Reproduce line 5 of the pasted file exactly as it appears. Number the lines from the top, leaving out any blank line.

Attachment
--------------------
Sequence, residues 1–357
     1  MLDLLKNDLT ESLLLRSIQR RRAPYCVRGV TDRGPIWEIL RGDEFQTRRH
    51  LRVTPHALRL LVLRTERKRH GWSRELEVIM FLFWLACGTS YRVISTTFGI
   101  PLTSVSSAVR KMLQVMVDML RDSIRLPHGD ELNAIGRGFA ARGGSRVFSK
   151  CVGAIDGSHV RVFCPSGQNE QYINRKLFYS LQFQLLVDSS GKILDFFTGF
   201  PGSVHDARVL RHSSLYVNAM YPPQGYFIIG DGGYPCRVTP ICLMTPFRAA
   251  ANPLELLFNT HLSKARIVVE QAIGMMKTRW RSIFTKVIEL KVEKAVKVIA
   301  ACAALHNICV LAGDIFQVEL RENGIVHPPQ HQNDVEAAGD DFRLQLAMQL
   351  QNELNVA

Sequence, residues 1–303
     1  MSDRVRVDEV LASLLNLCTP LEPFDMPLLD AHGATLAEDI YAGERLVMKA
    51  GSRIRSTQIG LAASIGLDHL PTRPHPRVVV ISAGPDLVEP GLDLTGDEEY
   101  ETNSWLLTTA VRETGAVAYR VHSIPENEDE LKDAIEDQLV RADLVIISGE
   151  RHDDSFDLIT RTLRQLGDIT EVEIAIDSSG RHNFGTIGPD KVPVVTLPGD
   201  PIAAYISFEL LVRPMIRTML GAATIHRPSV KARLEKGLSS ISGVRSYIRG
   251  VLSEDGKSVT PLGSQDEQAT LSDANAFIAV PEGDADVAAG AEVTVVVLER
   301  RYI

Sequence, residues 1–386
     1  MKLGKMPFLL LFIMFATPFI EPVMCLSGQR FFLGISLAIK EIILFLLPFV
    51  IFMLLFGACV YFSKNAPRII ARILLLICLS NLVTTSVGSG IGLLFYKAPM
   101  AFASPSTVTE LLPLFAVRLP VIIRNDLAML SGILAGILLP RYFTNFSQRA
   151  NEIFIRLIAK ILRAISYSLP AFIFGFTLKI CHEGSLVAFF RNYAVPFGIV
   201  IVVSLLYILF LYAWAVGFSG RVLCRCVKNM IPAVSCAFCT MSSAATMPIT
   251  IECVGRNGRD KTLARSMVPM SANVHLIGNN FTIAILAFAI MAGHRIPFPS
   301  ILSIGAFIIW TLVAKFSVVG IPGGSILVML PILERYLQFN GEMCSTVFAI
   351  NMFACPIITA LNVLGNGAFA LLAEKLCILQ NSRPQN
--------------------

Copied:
   151  CVGAIDGSHV RVFCPSGQNE QYINRKLFYS LQFQLLVDSS GKILDFFTGF